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Lap of Luxury


The best things in life are free. The second-best things are very expensive

Coco Chanel

After a period of extraordinary growth, the luxury sector is showing signs of slowing. An inevitable normalisation or evidence of something more fundamental? Lindsay Scott considers the long-term outlook for the industry and some of its most illustrious exponents.

A key element in the post-Covid global economic recovery has been the vigour of private consumption, with an impatient public let off the leash following restrictive lockdowns. Even in the face of rising inflation, higher interest rates, and geopolitical ructions, the indefatigable consumer has proved more resilient than many expected, and their appetite for luxury has been voracious.

But having feasted on the post-Covid buying boom, the luxury sector is now facing gathering macro headwinds. As the CFO of LVMH, Jean-Jacques Guiony highlighted at the Walter Scott conference back in May, luxury has gone through an extraordinary period of growth that was never going to last. Judging by the recent results and share price reaction in some companies, has the expensive Berluti shoe now dropped, with investors going through the process of discounting a sub-par long-term earnings trajectory?

The ‘macro’ has certainly become more uncertain and has not helped sentiment. The US posted consensus-busting third-quarter annualised GDP growth of 4.9% driven by the familiar story of buoyant consumption, but Main Street is dipping into its savings, judging by the significant decline in the savings rate. Retail sales, while still ticking along, have charted a tilt away from discretionary spending. Elsewhere, the picture is more muted. Broad consumption trends have dimmed in Europe with economies teetering on the edge of recession, while the nascent recovery in Japan is paradoxically challenged by the inflation it has long sought, with real wage growth not matching rising prices. Markets continue to be dismayed by the pace of recovery in China and the travails of the property sector, although recent data has pointed to a degree of stabilisation.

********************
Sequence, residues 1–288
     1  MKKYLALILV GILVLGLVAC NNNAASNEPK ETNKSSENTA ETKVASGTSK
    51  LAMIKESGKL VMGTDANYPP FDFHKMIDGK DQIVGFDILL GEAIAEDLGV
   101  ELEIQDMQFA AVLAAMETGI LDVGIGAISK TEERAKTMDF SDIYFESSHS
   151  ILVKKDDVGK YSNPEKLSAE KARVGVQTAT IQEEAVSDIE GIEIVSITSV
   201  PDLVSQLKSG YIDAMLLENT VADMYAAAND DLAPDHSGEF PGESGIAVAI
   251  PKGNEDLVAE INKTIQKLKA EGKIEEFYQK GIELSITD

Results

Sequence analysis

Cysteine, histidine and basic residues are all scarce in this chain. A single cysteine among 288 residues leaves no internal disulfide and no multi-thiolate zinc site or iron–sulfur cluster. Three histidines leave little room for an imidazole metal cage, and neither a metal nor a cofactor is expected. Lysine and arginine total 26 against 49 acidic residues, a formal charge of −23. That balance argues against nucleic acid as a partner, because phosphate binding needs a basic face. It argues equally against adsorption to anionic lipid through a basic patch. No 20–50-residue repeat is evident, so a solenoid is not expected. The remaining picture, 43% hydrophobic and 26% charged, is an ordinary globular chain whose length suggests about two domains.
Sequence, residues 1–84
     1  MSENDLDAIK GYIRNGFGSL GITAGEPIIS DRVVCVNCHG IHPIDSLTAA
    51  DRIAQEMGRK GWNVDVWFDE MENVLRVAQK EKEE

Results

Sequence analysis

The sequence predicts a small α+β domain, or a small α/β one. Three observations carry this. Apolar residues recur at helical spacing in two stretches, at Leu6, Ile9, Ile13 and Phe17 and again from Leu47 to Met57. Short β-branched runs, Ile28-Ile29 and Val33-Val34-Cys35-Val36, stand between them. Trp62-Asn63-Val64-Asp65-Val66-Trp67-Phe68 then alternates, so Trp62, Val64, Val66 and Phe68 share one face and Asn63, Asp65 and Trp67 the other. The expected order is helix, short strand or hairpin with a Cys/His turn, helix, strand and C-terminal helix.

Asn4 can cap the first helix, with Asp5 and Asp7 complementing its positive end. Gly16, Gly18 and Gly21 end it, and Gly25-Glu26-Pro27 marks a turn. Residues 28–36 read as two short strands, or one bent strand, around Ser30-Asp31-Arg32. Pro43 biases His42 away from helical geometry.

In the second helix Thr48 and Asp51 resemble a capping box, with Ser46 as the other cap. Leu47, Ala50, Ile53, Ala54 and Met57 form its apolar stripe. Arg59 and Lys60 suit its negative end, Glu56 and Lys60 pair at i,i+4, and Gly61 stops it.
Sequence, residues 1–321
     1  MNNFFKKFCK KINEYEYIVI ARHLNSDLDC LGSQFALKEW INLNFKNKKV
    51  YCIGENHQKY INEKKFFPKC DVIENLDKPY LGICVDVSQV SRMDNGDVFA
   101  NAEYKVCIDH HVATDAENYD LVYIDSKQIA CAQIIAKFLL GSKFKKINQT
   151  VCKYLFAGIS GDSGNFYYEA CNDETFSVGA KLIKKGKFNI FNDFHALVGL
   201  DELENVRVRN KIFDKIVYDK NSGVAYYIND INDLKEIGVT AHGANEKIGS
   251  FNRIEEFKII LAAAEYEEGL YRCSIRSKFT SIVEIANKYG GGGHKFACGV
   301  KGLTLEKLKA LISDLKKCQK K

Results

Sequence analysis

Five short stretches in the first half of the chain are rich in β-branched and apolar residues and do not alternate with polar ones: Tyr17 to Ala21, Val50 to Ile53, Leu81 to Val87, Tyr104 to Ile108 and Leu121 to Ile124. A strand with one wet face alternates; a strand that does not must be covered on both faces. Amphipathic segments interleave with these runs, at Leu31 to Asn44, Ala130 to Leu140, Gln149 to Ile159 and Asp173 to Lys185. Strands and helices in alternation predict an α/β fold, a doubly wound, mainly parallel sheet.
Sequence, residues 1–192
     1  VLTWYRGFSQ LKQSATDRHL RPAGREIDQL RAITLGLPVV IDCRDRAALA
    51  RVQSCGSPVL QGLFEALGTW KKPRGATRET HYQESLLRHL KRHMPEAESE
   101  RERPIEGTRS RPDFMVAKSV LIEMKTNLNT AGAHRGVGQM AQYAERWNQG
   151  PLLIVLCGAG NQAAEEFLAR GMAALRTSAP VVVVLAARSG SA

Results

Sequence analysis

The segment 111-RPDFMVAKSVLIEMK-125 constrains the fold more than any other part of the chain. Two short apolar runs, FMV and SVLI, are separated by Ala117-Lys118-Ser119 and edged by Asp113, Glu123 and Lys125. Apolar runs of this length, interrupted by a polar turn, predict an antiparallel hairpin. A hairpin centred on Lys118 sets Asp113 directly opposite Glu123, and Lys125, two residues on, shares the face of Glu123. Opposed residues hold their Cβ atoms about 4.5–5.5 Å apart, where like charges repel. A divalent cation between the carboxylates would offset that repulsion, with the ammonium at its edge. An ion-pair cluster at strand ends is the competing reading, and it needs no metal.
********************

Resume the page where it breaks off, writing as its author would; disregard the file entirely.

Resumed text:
Countering these near-term macro currents is the classic long-term demand argument

On the surface, this would suggest a challenging environment. Countering these near-term macro currents is the classic long-term demand argument. The history of the modern world is that economies expand over time, notwithstanding periodic cycles. The upper middle class and the ‘HNW’ and ‘UHNW’ cohorts are growing, especially in Asia including China, and the ‘travelling customer’ has been a driver of growth. According to Bain & Co1, the luxury goods market is likely to grow to between €530bn and €570bn by 2030 – more than double its size compared to 2020.

While these in themselves might seem positive drivers, they only count if a business has the brand, financial strength and management to leverage on these trends, and it’s not easy.

There are few other products that symbolise the human character more than luxury goods. More than just a display of wealth, there is a universal, emotionally driven desire to own an item that conveys a certain image and style. Wanting ‘the best’ is innate. But to create these goods requires an organisation imbued with a sense of culture, flair, craftsmanship, and tradition; attributes reflected in the allure of its products beyond mere functionality, and which help elevate the brand. It is a business hard to replicate. Yet at the same time the history of luxury is one of innovation, where successful companies can develop new products that capture the imagination and set trends, and are able to respond deftly to market, demographic, and technological shifts.

LVMH’s recent revenue statement highlighted the return to a more normal growth trajectory

LVMH continues to display these attributes. The company’s recent revenue statement highlighted the return to a more normal growth trajectory, although in the near term, the economic backdrop is not without its hurdles. Organic revenue growth was 9% in its third quarter, which is a marked reduction from two consecutive quarters of 17% growth. A reduction from such elevated levels was to be expected however, and 9% is consistent with historical trends. Geographically, the market that experienced the biggest downturn was Europe, due to this ‘normalisation’ of demand from both locals and tourists. The US was sluggish, reflecting some consumer macro caution, and management had been flagging that the American aspirational consumer was ‘at risk’. This refers to the category of customer that might not yet be able to afford the company’s pricier offerings but is in the market for smaller items, and indeed this was evident in the decline in online, more-bijou leather goods, and in some of the company’s noncoastal stores. Inventory and pricing issues impacted the Wines and Spirits division, although the numbers also reflected some tough comparisons with a buoyant period last year. In the key Fashion & Leather division, which accounts for some 50% of group sales, growth in the third quarter slowed to 9%, which led to a 16% gain for the nine-month period.